Anwar Nasution - Regional integration .Anwar Nasution Anwar Nasution is Senior Deputy Governor of

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Transcript of Anwar Nasution - Regional integration .Anwar Nasution Anwar Nasution is Senior Deputy Governor of

Recent Issues in theManagement of Macroeconomic

Policies in the Philippines

Anwar Nasution

Anwar Nasution is Senior Deputy Governor of Bank Indonesia; Dean, Facultyof Economics; and Professor of Economics, University of Indonesia.



The Philippines has managed to avoid the severe

fallout from the regional financial crisis partly be-

cause it has barely recovered from the past spend-

ing and investment binge and banking crisis of the

1970s and 1980s. The short-term stabilization pro-

gram and long-term economy-wide reform initiated

by the Aquino administration (19861991) have be-

gun to bear fruit. Trade, investment, and financial

sector policy reform and the privatization program

(more vigorously implemented during the adminis-

tration of President Fidel V. Ramos who came to

office in May 1992) have revived private sector in-

vestment because the reforms have significantly cut

the costs of doing business and raised productivity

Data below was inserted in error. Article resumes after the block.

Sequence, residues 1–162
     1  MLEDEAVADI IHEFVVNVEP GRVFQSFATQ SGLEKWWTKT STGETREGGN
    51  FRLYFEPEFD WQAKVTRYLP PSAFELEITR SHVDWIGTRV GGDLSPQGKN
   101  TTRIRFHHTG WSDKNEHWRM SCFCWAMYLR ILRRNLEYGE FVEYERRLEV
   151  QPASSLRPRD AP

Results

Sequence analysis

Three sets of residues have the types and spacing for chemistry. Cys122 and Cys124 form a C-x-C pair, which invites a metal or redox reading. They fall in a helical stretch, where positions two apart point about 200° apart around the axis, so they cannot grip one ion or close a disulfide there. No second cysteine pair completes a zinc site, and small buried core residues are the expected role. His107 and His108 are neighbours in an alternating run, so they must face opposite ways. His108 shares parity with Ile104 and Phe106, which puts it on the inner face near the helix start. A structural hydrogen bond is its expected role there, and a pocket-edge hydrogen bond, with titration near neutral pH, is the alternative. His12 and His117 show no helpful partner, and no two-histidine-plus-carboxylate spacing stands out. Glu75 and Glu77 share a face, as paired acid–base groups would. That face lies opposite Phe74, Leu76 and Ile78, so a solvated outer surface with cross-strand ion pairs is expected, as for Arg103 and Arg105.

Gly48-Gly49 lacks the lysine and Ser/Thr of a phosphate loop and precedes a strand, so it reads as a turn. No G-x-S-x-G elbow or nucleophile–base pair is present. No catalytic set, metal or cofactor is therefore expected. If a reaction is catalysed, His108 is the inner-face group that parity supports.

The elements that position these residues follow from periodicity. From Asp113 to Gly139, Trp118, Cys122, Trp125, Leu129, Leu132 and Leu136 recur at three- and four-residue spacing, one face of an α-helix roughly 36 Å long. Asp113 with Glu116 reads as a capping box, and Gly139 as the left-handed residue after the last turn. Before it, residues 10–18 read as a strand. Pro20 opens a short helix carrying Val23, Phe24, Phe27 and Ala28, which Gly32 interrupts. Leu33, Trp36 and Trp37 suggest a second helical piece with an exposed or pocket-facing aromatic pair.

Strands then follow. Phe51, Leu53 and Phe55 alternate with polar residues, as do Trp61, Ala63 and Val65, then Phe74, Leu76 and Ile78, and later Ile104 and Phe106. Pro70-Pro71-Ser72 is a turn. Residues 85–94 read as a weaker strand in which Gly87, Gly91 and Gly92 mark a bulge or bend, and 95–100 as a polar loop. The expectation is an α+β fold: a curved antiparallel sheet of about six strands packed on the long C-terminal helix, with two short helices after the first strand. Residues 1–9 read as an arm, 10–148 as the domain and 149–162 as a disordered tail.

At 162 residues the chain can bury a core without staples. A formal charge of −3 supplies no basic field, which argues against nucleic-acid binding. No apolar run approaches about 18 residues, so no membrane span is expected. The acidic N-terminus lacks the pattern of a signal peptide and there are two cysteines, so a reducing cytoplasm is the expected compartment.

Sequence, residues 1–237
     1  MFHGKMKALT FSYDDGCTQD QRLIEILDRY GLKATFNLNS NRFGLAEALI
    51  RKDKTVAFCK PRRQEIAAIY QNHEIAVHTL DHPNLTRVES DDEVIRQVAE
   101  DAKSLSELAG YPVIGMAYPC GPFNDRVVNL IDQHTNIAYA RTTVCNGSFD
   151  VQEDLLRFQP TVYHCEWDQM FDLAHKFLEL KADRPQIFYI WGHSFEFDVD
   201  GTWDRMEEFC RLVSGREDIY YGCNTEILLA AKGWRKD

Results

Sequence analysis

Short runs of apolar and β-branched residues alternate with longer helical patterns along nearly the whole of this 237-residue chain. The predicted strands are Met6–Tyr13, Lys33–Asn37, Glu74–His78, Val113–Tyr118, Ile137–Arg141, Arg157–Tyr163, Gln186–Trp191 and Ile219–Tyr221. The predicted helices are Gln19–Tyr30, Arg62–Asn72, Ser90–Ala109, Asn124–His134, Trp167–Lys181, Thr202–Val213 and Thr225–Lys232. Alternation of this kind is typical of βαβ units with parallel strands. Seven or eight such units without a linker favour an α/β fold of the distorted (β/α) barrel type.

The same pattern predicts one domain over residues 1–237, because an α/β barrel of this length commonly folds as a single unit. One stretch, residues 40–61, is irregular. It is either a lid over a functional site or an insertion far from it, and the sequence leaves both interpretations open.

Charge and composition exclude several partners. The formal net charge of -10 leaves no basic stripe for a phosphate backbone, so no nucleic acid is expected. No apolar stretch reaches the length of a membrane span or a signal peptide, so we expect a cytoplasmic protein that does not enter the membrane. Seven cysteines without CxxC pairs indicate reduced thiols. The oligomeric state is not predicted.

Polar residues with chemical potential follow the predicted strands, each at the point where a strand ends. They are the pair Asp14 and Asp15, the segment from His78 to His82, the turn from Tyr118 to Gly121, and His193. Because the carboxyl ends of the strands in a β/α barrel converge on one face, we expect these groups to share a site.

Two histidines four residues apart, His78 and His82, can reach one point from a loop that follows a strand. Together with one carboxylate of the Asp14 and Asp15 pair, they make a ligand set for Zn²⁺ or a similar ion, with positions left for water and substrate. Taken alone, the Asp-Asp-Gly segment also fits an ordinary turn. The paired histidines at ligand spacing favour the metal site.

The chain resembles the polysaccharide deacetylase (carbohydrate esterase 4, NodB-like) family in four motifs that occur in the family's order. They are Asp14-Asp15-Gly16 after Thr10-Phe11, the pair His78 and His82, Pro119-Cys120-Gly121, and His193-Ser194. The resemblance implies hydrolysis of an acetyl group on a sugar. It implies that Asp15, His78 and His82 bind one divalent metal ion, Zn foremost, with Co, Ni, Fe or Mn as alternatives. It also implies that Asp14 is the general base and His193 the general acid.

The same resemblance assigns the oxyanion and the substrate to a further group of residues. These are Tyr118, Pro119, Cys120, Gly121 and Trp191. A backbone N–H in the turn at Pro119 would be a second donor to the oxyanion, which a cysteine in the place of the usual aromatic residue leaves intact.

and efficiency. The new public and private sector

investment helped ease the infrastructure constraints

in the economy, including the power crisis during

19921993. This and the restoration of peace and

order and political stability have improved the invest-

ment climate.1 The significant reduction of resources

required for security purposes raised their availabil-

ity for economic development. As a result, the

economy has been growing back to a respectable

level in terms of gross domestic product (GDP), av-

eraging at 4.2 percent per annum between 1992 and

1996. Inflation rates were suppressed from the

double-digit levels of 19811991 to single-digit levels

from 1992 to 1997. After having been in deficit con-

tinuously for two decades, the cash position of the

national Government has been in surplus since 1994.

In nominal dollar values, exports grew by 21 percent

annually between 1992 and 1997.

The completion of the full liberalization of foreign

exchange in 1992, combined with those encouraging